Poverty Alleviation is the Key Issue for Public Agricultural
||Africa (Sub-Saharan), Governmental organization, Small-scale
farming, Socio-economic impact.
||Anandajayasekeram, P. (1999), "Poverty Alleviation is the
Key Issue for Public Agricultural Research." Biotechnology and Development
Monitor, No. 40, p. 24.
In Monitor 39, H.K. Jain argued for
a resurgence of public sector agricultural research. In the view of Ponniah
Anandajayasekeram this would not automatically benefit smallholders.
He argues that to reach this target group, public agricultural research
has to integrate poverty alleviation as a key topic on its agenda.
Rural poverty is acute throughout the region of Eastern and Southern
Africa, and is proving intractable even in relatively wealthy countries.
Strategies proposed to eliminate rural poverty include the development
of alternatives to agriculture, for instance in industry, mining and tourism,
but also the commercialization of smallholder agriculture. Perhaps the
most important challenge for governments throughout the region for the
future, therefore, will be to foster smallholder agricultural production
in ecologically marginal environments, in ways that will sustain or improve
the quality of the resource base over the longer term. This challenge is
not reflected by current research agendas.
Research in Eastern and Southern African countries is conducted by
public institutions, the commercial sector, and civil society organizations
such as Non-Governmental Organizations (NGOs). Private sector research
is mostly geared to large-scale commercial agricultural production. Yet
for most Sub-Saharan African countries this contributes only an estimated
3 per cent of overall agricultural research investments. NGOs and some
development agencies have become important players in adaptive research
and extension for the poorer smallholders, but their research often does
not address strategic research questions such as on integrated pest management
or on technologies for ecologically fragile environments. As a result,
smallholder producers in these countries depend to a large extent on public
sector institutions for technological innovations and extension. At the
same time, however, the majority of smallholders are poor and have neither
the institutional nor the economic power to ensure that their technology
needs are met by the public sector research.
This limited access is complicated by the fact that the three core
elements in the public agricultural knowledge triangle – research, extension
and higher education – have all been downsized, restructured, decentralized,
and are increasingly being privatized. Driven by market forces, research
may tend to focus on the needs of the few with economic and political power,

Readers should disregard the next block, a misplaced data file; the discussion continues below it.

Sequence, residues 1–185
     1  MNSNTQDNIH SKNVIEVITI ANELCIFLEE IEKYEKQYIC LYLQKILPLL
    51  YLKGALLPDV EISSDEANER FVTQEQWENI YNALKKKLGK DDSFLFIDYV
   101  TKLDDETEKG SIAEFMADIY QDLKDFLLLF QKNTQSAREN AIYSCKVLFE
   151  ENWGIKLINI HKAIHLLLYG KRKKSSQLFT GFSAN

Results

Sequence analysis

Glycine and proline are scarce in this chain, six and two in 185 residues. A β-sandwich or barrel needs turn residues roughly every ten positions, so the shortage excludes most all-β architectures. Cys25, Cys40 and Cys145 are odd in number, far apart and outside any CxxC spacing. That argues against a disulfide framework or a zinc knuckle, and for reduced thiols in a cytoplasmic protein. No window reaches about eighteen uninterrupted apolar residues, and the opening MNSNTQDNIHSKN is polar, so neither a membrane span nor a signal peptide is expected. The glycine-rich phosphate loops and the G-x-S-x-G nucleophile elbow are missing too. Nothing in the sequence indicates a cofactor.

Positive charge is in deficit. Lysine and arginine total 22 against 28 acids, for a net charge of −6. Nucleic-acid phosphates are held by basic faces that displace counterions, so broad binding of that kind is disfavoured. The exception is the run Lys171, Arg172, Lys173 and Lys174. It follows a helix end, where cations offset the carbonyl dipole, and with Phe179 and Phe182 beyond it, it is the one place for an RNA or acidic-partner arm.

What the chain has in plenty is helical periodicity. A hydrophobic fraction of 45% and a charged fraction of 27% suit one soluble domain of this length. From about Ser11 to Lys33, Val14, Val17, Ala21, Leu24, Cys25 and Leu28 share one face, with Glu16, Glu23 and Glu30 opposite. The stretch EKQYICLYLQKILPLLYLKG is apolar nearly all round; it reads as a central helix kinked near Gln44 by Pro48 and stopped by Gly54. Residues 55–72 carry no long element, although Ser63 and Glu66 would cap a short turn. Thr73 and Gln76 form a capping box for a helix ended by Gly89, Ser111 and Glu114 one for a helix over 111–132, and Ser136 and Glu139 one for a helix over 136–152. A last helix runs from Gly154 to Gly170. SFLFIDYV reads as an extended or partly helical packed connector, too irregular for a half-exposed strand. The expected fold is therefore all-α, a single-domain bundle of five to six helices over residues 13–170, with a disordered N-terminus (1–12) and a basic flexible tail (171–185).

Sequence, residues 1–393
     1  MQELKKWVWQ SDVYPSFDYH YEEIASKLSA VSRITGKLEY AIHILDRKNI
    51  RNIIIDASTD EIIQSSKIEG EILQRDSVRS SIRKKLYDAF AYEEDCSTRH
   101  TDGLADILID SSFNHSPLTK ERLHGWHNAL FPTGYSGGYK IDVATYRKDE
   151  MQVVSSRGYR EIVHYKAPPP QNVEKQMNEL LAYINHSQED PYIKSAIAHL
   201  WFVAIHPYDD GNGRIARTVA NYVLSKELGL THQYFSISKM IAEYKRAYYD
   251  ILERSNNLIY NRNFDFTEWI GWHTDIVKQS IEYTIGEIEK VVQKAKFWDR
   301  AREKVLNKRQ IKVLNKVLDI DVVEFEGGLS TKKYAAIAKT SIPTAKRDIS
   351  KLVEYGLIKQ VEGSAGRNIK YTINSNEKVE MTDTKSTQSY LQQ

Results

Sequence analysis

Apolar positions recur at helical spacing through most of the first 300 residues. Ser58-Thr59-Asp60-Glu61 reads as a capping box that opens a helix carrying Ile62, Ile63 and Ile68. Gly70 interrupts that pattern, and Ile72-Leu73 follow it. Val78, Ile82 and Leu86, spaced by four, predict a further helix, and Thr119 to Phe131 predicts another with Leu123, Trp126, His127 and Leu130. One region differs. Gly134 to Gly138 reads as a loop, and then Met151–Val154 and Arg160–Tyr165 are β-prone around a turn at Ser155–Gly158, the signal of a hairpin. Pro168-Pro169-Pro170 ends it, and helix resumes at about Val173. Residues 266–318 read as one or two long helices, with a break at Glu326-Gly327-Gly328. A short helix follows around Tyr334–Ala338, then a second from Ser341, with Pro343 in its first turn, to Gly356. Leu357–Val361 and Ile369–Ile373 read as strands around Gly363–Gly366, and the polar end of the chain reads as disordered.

a situation likely to work against the rural poor.
The question remains how agricultural research can have a positive
impact on poverty alleviation. The relationship between agricultural research
and poverty alleviation is complex, involving both direct and indirect
effects. Over 50 impact studies completed during the period 1978 to 1999
in Eastern and Southern Africa have demonstrated a relatively high pay-off:
in over 60 per cent of the cases studied, the rate of returns for agricultural
research investment exceeded 25 per cent. These studies have also shown
that in all cases farm level productivity increased. In some cases these
productivity gains have reduced poverty, improving the nutritional status
of households, and technologies have generated additional employment. However,
the majority of studies did not explicitly address the impact of agricultural
research on poverty alleviation.
While developing technologies, researchers have to recognize the conscious
effort by smallholder producers to maintain subsistence food production,
including indigenous and marginalized crops, varieties and livestock species.
Given the risky economic environment and lack of secure markets, maintaining
own food supplies can be an economically optimal strategy, even if commercial
production of, for instance, cash crops might in theory lead to higher
returns on land and labour. Therefore, a viable commercialization strategy
has to be developed that addresses smallholder needs to improve productivity
in both staple and market-oriented production.
Prioritizing research that has a high pay-off in the short term may
have a significant negative effect on society in the long run, as strategic
research issues that by nature call for long-term investment may be bypassed.
Agricultural research funding decisions of today will largely determine
the kind of research output that will be available to benefit the poor
in ten to twenty years. Research should explicitly target both ‘poor’ and
‘well-to-do’ farmers. Public sector research would seem to have a comparative
advantage in addressing those aspects of a smallholder sustainable agricultural
research agenda that specifically targets persistent poverty, which other
actors are unlikely to address with the scope and depth required. In addition,
research is urgently needed on how incentive structures shape the scientific
delivery process, and how to build political and financial support for
research relevant to smallholders.
Ensuring that the poor and disadvantaged groups are represented in
the priority setting process and developing a judicious blend of bottom-up
and top-down approaches to priority setting is a major challenge facing
practitioners. A simple resurgence of public sector agricultural research
will not be sufficient. Poverty alleviation must be explicitly included
as a criteria in research planning, and this should be reflected in priority
setting and allocation of resources.
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